In The Broadway Play "Detroit," Detroit -- Surprise! -- Is A Metaphor For Bad Things
A friendly suburban barbecue spirals into a delirious, dangerous bacchanal in the superb play “Detroit,” by Lisa D’Amour, which sizzled at a New York theater Tuesday night.
Theater critic Charles Isherwood called "Detroit" a "sharp X-ray of the embattled American psyche as well as a smart, tart critique of the country’s fraying social fabric."
He wrote "Ms. D’Amour’s dark comedy is as rich and addictively satisfying as a five-layer dip served up with a brimming bowl of tortilla chips."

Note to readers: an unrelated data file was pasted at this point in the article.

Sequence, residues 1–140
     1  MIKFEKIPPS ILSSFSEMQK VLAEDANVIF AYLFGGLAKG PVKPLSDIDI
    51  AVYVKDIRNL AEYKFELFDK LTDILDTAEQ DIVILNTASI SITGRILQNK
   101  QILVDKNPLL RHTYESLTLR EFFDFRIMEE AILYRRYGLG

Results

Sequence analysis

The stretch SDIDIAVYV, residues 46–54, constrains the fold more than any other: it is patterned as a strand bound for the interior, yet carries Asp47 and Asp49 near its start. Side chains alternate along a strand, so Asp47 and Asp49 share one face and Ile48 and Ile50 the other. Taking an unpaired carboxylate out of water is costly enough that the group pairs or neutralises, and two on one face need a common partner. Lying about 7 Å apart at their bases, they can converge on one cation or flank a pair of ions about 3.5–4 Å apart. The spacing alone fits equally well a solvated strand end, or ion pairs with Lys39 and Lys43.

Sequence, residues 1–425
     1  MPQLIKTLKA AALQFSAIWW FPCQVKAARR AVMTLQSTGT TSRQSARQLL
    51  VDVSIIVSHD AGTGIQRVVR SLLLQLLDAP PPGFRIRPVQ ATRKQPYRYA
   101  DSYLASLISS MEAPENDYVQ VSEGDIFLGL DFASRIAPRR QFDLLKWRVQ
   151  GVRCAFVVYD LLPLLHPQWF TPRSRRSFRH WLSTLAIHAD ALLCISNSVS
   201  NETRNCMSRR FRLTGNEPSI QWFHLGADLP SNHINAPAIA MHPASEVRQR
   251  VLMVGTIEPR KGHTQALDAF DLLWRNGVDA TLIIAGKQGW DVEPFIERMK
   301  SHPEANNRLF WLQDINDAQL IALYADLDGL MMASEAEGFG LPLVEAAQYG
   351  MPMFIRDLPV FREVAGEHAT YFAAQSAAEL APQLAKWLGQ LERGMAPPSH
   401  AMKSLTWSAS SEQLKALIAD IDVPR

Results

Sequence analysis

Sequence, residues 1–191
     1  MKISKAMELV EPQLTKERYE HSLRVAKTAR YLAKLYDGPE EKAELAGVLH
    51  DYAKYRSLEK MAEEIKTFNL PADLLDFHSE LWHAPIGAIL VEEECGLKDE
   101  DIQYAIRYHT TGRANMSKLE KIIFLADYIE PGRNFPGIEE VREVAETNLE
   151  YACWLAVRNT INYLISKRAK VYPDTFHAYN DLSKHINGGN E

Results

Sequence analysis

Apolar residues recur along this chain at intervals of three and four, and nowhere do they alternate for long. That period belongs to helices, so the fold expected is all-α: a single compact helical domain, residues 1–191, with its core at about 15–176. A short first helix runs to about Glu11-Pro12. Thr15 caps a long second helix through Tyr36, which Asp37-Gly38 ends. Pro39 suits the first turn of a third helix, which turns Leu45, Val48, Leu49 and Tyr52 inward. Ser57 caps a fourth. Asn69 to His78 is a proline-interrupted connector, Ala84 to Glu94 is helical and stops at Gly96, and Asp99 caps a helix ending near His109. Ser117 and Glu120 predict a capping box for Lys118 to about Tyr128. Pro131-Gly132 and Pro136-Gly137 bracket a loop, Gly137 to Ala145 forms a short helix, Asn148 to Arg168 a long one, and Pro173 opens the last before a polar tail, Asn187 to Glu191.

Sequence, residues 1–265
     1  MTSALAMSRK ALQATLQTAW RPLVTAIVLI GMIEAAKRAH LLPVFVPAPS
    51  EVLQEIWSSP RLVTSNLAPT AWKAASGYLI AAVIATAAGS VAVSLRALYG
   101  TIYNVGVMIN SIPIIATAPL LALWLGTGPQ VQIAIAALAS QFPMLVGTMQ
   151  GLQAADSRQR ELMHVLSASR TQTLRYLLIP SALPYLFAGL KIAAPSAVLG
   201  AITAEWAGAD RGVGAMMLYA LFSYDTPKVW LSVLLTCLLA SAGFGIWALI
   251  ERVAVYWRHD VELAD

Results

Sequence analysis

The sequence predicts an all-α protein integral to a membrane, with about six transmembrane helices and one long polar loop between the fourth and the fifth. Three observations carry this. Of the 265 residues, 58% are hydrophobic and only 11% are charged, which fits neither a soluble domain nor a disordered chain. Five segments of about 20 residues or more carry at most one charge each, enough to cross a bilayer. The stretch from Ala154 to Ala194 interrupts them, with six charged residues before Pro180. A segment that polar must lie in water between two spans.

As the country continues to grind through the worst downturn in generations, “Detroit” remains acute in its observation of the effects of economic uncertainty on a middle-class couple, played to perfection by Amy Ryan and David Schwimmer. The fall theater season is young as a newborn babe, but Ms. D’Amour’s play, both disturbing and bracingly funny, kicks things off with a promising burst of fireworks.
Detroit is a metaphor. The action takes place in "a nameless suburb outside a midsize American city."